During the sixth station, where Jesus is scourged and crowned with thorns, Venezuelan pilgrims prayed for the intercession of Our Lady of Coromoto, the patroness of Venezuela, to “help us to care for, heal, and fill with hope the hearts, scourged and crowned with thorns, of so many who have lost their homeland.”

Maria Valentina-Torres, a 19 year-old from Venezuela, told the Catholic Standard knowing that so many people were united in prayer for their country “fills us with hope; with joy.”

“It is a great relief to know that we have the support of people worldwide,” she said.

Valentina-Torres and her friends, Maria José-Diaz and Anna Maria Contreras-Niño, said they would be praying for freedom for their country, for Nicolás Maduro’s regime to leave, and for their families and friends to be able to return to the country.

All three were a part of a group from Universidad de Zulia in Venezuela, and Contreras-Niño studies medicine there at the public hospital, which she said is in a “very, very tough situation,” with people dying because the hospital is running out of medicine. Though they would like to be able to do more to help, they are unable to. So, the group of girls raised money to bring food to the patients there as a small way to improve the situation. During World Youth Day, they are giving out old Venezuelan currency as a way to remind people to pray for Venezuela, they said.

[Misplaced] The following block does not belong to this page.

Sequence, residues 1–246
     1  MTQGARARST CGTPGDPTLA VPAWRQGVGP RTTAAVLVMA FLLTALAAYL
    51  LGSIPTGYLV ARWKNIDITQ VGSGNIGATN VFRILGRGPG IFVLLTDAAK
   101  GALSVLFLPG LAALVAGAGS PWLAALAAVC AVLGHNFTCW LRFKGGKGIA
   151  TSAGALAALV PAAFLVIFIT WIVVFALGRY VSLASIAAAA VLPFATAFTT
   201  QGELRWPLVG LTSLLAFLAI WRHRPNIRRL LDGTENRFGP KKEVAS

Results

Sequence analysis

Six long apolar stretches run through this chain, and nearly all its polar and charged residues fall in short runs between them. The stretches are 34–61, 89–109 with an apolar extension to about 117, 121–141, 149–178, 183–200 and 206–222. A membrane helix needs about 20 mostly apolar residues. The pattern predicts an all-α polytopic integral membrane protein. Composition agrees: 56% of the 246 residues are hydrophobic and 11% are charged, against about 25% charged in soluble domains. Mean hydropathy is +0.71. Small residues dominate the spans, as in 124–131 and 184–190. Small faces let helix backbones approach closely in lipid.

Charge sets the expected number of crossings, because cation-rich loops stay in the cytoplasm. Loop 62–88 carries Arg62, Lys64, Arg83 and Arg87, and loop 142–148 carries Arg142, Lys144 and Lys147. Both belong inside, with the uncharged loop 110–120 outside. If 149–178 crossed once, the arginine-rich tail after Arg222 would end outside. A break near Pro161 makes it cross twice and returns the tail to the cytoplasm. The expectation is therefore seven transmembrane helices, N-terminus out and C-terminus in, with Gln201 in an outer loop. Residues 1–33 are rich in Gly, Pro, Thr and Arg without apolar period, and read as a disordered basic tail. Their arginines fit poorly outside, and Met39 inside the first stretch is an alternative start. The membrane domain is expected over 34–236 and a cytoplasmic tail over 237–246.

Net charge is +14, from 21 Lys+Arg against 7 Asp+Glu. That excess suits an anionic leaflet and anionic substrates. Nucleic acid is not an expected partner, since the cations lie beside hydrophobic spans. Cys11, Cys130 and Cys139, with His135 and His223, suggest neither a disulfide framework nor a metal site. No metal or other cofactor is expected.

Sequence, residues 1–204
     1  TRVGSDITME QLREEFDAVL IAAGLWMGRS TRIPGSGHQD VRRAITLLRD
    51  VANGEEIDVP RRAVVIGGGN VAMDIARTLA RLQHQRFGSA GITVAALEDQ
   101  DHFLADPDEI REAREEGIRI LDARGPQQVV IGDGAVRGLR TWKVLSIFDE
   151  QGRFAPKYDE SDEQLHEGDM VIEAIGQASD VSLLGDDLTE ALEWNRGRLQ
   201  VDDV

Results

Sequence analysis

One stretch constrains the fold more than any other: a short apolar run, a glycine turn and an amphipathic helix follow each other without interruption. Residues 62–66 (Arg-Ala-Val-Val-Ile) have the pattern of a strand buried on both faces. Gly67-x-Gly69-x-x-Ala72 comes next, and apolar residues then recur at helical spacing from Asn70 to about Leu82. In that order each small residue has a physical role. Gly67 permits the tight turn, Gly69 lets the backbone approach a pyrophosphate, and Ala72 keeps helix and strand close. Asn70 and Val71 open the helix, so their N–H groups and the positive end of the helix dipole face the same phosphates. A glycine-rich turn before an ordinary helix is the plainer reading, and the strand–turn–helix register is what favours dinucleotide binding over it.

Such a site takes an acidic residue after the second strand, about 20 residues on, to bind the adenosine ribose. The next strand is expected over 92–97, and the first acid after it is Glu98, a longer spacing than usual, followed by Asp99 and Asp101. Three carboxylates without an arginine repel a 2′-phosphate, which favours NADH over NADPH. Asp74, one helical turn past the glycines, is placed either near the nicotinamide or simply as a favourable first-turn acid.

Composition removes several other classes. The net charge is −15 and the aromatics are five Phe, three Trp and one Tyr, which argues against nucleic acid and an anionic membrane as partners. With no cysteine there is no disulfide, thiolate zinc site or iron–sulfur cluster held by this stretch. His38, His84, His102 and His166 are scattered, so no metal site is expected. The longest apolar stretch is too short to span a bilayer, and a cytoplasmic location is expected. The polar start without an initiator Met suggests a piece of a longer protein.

At the fourteenth station, where Jesus is placed in the sepulcher, pilgrims from Nicaragua prayed that they may remember to honor life, from conception until natural death.

For pilgrims from that country, traveling to World Youth Day was a risk, especially for those who wanted to wanted to bring a flag with them. One pilgrim said she hid it underneath the rest of her luggage, hoping that the people at the border patrol would not see, because if they did, they could send her to jail.

Javiera Martinez, a pilgrim from Nicaragua who works in banking, said knowing about people’s prayers is “really important for us, because my country is in a difficult political situation,” which he described as a “state of prison,” where they are unable to say what they think and Catholics are sometimes persecuted.